Peas, Bees and a Resident Pheasant
Updates from our Market Garden
A rather rainy May followed by a sunshine-y type of June has seen the Market Garden on our Farm in Devon flourish with all types of wildlife. With Great British Pea Week, a celebration of the little green, nutrient packed veggies grown around the country, only a few weeks away, we thought now the perfect time to let you know what our team in the Garden have been up to this spring…
Give Peas a Chance!
Great British Pea Week, which runs from 5th to 11th July, aims to boost awareness and understanding of the history and heritage of peas in the UK. The annual celebration takes place during pea harvesting season, launched by the Yes Peas! campaign to acknowledge the industry’s effort to keep the UK’s supply of peas healthy and thriving.
Organic Garden Peas of an heirloom variety Blauwschokker were one of the first plants to flower in our Market Garden this spring and have now been harvested. It’s a good job too as the Garden’s resident pheasant is a big fan. He also likes the Broad Beans (ours are Aquadulce) growing in the polytunnel, so much so that he brought his wife to enjoy them as well.
The Birds and Bees
The Market Garden pheasant is not the only member of the animal kingdom to visit our team of expert gardeners. The team have been busy planting a number of bee-friendly flowers to encourage bumblebees and hoverflies to the Garden and polytunnel. Phacelia Tanacetifolia is just one of these plants and is actually listed in the top 20 honey-producing flowers for honey bees. The bees are also loving our newly blooming Comfrey, used in the Garden as plant feed and fertiliser.
As well as the bees and flies who enjoy a delicious bite of the Market Garden’s pesty aphids, head Market Gardener Laura and her team have employed some ladybirds as part of their integrated pest management control programme. The ladybird larvae quickly progressed into the poly tunnel, gorging on the woolly aphids who enjoy (much to the team’s dismay) a munch on our organic chilli leaves. The ladybirds are voracious predators who protect the crops by eating the aphids.
The Market Garden potting shed became the brief home of a mother blackbird and her chicks before they turned to fledglings. The team counted five blackbird young cozied up in their nest earlier this month. Now, the gardeners are keeping an eye out for a nest of Robins that have made the garden their home. Thomas at the Market Garden also spotted a golden chrysalis which we believe to be the home of a forthcoming Monarch Butterfly.
The golden chrysalis found at the Garden
Field to Fork and Back Again
The Market Garden team have also been working hard to supply the newly opened Eversfield Organic Dartmoor Inn, Merrivale (and our Organic Farm Shops) with organic vegetables and even a few edible garnishes. The team are proud to have so many heirloom varieties of organic veg, grown from seed, on our organic farm. Examples include organic courgettes of the Golden Zucchini variety and White Wonder Cucumbers. The polytunnel also has Kiera Cucumber plants that have been assisted with growing strings (we all need support sometimes), to romp up lengths and ensure the plants don’t take a tumble when the organic cucumbers get heavy. The Farm Shops were also lucky enough to receive the first crop of Messidor Softneck Garlic with seeds sourced locally from Tamar Organics. This organic garlic variety is delightful in salads, used to make mayonnaise or in Mediterranean dishes.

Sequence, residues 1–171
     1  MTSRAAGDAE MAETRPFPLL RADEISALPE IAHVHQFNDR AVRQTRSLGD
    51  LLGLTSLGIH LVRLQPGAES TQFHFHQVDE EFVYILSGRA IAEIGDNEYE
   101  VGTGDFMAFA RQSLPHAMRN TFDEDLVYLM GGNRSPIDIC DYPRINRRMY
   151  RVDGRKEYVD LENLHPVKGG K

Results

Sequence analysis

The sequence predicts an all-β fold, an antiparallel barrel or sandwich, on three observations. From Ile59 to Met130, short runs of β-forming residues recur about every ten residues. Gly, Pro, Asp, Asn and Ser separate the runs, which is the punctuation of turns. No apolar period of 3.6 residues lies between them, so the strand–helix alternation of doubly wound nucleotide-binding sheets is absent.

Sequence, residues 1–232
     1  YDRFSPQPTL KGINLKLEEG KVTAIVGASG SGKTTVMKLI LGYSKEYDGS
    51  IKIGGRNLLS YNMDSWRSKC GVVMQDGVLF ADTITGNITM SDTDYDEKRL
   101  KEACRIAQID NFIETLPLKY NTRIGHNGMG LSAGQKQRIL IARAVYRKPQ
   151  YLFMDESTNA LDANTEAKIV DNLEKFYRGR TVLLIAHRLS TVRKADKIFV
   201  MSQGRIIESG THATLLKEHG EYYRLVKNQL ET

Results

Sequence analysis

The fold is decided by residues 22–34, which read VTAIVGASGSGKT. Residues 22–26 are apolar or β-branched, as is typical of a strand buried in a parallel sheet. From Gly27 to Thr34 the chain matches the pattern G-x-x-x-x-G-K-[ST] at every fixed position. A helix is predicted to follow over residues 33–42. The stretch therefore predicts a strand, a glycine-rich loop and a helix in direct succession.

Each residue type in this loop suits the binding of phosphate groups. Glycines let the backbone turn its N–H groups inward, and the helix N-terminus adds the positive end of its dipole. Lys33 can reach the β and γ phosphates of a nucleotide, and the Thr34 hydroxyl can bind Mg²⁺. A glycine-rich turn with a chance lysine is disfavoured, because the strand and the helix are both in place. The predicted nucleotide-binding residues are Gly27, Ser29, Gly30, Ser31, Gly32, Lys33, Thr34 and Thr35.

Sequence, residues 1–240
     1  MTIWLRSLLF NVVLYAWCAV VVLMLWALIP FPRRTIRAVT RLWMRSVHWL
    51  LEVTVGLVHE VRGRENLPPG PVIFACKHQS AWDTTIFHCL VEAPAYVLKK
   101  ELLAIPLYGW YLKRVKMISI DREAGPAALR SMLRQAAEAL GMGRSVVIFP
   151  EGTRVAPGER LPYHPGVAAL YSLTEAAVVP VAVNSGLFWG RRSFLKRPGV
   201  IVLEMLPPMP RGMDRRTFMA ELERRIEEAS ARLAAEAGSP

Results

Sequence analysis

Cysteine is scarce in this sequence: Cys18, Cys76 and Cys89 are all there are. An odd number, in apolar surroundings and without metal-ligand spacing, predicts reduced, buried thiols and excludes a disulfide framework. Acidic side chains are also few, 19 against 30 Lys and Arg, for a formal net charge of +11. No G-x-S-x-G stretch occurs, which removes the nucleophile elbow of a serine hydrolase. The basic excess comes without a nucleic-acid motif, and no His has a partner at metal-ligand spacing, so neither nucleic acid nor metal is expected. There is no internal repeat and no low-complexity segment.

Messidor Softneck Garlic
A few of the intriguing edible garnishes for the Dartmoor Inn include Purslane, Chicory and Endive. Purslane is a herb that was popular in Elizabethan apothecaries, but is now often found in gardens across the country (including the Market Garden). It’s usually confused as a weed, but Purslane can actually be picked and eaten as is. This way, you’ll reap all of the rewards of this nutrient packed organic herb. The Chicory plant is pretty much completely edible, including the root which can be roasted, and makes for a great, natural coffee alternative.
Purslane growing in our organic Garden
As our local delivery drivers take the organic food from the Garden to the Farm Shops and the Dartmoor Inn, Merrivale, it’s only natural that they should take any waste produce back to the farm to be composted. And that’s exactly what happens. Any waste from the inn or the shops gets taken back to the Market Garden to be composted, helping to keep the soil fertile (producing the tastiest, most nutritious organic vegetables) and improve its structure for planting.
Whether you’re heading down to the Dartmoor Inn to try a Market Garden salad alongside organic steak, heading to our Farm Shops in Tavistock and Totnes to grab some organic vegetables or placing an online delivery for an organic veg box, now is a great time to dive into some seasonal produce.